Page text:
Children’s vegan book stirs controversy
By Aisha Sultan
St. Louis Post-Dispatch
A new children book by Ruby Roth has been praised by Jane Goodall, PETA founder Ingrid Newkirk and other best-selling authors. But Roth’s call to action in “That’s Why We Don’t Eat Animals: A Book About Vegans, Vegetarians, and All Living Things” has stirred some controversy, as well. It claims to offers children a look at the emotional lives of animals, their experience on factory farms, and the effect that eating animals has on the environment and endangered species.
The author addresses some of the most frequently raised issues about the book in a prepared release:
Q. Publisher’s Weekly said that the descriptions and images may be “a little overwhelming” for children. How have kids reacted at readings so far?
A. I have never experienced a child who was overwhelmed or freaked out by the book. I’ve found, in fact, the opposite. Children show incredible interest and insight. They ask questions and relate the information to their own lives-their pets, their gardens, their vegetarian relative. One 4th grader told me that factory farms reminded her of what her class was learning about slavery! Read More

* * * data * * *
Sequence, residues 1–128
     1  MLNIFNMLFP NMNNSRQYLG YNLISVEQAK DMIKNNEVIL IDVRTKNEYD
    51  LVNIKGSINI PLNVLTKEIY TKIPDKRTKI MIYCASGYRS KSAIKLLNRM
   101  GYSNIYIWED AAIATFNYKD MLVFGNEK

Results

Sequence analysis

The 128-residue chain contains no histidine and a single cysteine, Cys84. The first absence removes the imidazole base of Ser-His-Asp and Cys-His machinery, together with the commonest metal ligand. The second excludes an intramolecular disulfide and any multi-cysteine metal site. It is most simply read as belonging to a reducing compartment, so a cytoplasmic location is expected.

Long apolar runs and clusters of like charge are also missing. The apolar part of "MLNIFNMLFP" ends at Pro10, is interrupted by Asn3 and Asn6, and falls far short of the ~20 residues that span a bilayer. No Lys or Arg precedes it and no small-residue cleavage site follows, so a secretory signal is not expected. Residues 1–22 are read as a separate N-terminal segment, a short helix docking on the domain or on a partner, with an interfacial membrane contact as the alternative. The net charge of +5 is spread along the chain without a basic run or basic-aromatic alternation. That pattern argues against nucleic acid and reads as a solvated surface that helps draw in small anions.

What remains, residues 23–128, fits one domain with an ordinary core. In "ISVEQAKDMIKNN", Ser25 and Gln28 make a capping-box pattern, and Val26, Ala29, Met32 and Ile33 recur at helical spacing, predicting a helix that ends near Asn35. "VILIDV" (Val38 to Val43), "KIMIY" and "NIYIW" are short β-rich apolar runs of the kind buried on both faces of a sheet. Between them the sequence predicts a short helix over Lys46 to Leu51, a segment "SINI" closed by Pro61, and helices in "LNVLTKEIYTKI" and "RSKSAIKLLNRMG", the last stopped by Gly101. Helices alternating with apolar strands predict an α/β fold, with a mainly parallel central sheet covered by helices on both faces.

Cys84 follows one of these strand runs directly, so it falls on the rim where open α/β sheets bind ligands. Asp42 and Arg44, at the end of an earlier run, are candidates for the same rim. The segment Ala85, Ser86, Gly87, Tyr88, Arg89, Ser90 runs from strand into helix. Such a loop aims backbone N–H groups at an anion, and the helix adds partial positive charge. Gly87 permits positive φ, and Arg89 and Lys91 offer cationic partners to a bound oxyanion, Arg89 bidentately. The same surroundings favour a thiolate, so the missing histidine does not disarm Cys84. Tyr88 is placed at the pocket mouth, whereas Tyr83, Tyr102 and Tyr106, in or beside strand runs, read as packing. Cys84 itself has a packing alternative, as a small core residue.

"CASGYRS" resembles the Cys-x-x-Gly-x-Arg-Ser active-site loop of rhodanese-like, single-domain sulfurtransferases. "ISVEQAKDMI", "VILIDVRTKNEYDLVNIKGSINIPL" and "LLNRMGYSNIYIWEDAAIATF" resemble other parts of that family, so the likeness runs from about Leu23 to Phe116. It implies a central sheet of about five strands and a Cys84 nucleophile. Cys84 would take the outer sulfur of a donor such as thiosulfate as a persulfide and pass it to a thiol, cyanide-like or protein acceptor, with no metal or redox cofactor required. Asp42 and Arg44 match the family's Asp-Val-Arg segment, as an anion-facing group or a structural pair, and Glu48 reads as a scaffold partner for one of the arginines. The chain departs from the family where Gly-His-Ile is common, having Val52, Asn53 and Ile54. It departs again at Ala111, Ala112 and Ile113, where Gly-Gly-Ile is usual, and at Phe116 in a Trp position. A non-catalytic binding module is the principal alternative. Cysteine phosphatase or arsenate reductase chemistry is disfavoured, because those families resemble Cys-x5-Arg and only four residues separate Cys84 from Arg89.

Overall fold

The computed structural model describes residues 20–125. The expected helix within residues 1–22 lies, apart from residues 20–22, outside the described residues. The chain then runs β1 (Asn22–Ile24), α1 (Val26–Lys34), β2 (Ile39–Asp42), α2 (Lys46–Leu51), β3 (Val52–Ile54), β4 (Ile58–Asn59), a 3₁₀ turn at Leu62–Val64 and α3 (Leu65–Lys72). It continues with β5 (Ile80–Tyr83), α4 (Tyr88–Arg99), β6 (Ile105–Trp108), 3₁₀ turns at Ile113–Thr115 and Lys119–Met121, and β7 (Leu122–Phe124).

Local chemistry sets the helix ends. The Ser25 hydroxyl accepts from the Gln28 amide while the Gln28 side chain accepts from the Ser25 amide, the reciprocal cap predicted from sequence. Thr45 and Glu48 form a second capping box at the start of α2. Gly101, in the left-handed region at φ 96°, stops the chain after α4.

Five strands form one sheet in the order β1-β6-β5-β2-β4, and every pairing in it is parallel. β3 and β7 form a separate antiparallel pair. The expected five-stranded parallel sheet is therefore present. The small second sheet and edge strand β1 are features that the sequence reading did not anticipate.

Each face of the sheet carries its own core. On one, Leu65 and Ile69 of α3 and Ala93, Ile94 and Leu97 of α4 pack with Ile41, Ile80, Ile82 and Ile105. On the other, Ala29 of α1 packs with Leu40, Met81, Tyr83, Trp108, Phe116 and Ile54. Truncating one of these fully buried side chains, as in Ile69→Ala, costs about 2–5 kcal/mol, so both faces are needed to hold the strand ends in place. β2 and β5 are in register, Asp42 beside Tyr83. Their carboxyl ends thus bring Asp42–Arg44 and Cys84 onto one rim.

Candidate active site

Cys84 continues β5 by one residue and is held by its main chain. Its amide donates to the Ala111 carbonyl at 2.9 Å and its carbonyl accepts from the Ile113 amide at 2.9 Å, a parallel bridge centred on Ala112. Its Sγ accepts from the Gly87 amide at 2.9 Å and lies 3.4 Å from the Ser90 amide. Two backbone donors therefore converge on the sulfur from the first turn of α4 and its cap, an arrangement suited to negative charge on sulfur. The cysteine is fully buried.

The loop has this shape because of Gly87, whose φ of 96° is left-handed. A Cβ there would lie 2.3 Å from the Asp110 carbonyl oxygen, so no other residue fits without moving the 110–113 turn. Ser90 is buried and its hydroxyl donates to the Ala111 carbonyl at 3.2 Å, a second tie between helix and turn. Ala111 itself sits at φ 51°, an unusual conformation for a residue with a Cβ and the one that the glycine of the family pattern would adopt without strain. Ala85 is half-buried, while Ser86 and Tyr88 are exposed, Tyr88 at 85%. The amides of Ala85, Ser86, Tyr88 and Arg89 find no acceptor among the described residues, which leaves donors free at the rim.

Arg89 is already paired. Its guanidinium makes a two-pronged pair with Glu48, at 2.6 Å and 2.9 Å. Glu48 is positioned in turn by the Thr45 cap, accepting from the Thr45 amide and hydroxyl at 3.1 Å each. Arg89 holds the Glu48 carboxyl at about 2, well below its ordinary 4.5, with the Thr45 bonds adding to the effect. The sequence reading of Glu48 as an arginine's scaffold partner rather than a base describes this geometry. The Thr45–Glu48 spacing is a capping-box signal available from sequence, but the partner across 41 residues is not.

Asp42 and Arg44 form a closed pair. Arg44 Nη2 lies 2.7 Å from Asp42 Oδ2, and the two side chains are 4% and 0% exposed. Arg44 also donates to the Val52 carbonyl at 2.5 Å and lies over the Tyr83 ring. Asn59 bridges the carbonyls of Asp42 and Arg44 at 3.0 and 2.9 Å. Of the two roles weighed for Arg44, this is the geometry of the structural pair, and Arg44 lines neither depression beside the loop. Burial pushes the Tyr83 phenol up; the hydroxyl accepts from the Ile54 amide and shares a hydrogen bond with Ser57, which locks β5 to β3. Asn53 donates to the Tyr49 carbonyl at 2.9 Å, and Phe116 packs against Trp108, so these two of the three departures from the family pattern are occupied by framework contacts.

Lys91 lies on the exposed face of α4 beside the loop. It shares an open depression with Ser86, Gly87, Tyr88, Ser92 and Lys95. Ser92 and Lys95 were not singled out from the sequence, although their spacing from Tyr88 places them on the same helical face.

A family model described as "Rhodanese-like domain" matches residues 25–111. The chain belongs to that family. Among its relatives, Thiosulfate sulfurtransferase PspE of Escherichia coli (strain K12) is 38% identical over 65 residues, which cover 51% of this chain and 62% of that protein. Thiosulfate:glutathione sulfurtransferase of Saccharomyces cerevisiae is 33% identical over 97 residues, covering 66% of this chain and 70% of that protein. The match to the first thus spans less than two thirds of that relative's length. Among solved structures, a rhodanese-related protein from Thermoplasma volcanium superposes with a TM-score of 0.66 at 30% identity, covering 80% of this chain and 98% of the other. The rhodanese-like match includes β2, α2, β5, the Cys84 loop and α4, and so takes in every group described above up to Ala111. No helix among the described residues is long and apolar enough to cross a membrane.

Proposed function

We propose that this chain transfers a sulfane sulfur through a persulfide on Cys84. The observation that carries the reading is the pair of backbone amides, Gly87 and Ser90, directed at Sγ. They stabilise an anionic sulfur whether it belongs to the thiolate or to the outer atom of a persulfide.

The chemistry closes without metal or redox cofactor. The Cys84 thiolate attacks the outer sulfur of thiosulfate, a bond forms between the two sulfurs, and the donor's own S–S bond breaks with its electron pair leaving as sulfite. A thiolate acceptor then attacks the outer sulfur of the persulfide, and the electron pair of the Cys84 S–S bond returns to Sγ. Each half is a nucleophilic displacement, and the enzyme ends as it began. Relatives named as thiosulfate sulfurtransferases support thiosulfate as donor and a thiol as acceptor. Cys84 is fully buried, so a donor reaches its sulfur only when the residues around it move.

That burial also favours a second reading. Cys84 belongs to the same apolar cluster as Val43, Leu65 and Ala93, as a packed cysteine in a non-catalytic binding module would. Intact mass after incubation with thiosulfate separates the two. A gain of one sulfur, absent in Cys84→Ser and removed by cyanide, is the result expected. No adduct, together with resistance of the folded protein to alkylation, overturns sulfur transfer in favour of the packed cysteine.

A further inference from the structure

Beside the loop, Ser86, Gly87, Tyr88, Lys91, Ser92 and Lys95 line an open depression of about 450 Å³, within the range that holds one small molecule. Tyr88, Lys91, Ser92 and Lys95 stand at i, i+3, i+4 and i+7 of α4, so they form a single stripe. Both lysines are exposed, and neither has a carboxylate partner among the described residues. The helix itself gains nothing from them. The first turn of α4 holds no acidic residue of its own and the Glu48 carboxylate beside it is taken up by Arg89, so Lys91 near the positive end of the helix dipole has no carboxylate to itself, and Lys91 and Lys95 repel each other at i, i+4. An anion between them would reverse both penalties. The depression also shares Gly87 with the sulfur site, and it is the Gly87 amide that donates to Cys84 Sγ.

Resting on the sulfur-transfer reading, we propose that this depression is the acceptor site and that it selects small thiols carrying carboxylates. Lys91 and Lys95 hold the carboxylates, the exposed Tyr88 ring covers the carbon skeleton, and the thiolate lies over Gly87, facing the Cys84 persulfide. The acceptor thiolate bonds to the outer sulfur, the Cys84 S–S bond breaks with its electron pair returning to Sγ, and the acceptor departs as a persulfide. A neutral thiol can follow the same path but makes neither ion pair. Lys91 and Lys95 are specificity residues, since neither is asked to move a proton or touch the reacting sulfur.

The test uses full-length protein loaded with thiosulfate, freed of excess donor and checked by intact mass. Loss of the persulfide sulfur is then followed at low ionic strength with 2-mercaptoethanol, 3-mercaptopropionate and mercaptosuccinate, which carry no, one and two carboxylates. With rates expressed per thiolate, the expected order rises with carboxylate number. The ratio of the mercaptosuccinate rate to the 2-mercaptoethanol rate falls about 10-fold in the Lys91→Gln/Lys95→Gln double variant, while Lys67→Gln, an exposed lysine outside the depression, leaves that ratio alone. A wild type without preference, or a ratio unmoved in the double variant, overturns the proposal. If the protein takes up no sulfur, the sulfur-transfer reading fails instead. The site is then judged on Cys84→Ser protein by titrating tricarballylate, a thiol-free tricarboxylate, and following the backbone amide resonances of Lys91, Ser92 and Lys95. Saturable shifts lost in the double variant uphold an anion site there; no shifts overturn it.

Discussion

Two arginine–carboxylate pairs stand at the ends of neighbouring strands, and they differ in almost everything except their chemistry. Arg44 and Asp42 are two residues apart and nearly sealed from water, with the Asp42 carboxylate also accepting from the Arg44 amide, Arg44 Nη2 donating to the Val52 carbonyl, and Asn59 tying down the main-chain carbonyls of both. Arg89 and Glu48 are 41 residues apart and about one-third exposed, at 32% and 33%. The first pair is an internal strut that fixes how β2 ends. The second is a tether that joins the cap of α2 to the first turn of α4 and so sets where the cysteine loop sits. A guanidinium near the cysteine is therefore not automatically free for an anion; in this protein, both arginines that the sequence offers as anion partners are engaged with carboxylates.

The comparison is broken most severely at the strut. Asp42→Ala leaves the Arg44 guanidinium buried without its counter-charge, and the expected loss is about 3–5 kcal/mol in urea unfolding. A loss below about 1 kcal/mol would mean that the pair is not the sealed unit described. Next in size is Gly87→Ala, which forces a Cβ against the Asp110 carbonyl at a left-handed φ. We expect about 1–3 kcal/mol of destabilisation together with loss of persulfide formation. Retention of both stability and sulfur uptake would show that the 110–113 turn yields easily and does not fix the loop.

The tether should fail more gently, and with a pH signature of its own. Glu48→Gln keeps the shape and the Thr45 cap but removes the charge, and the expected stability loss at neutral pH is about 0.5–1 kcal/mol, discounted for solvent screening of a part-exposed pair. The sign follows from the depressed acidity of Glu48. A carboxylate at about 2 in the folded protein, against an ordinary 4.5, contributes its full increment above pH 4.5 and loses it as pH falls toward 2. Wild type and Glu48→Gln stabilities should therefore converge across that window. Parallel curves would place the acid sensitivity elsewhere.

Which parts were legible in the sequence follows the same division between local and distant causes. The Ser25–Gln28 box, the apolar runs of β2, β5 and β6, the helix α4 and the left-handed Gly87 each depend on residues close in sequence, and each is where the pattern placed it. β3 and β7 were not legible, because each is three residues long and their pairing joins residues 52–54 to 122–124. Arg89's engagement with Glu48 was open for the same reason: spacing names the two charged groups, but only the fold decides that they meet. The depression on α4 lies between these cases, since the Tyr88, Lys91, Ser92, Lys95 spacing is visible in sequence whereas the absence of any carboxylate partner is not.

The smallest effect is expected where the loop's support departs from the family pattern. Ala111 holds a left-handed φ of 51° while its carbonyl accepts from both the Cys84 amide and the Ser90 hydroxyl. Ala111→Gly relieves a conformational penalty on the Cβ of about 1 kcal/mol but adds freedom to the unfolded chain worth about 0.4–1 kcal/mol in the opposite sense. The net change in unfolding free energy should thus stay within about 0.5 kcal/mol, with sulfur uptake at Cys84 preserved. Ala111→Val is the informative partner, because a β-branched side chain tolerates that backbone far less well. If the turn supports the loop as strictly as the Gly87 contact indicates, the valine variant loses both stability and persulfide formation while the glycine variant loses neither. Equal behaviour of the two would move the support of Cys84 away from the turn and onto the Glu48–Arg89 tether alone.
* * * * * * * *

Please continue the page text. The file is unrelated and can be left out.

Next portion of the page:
As with most vegans who force their ideas on young children, they are more concerned about their own personal agenda than they are about the health of the child. Listen to what they are telling children, don’t eat a balanced diet and ignore accepted nutritional guidelines. And this to a group of children that are growing and developing and could suffer the consequences of a bad diet for the rest of their lives. Here’s what most parents are trying to teach their kids, eat a balanced diet that includes meat and dairy products and get regular exercise.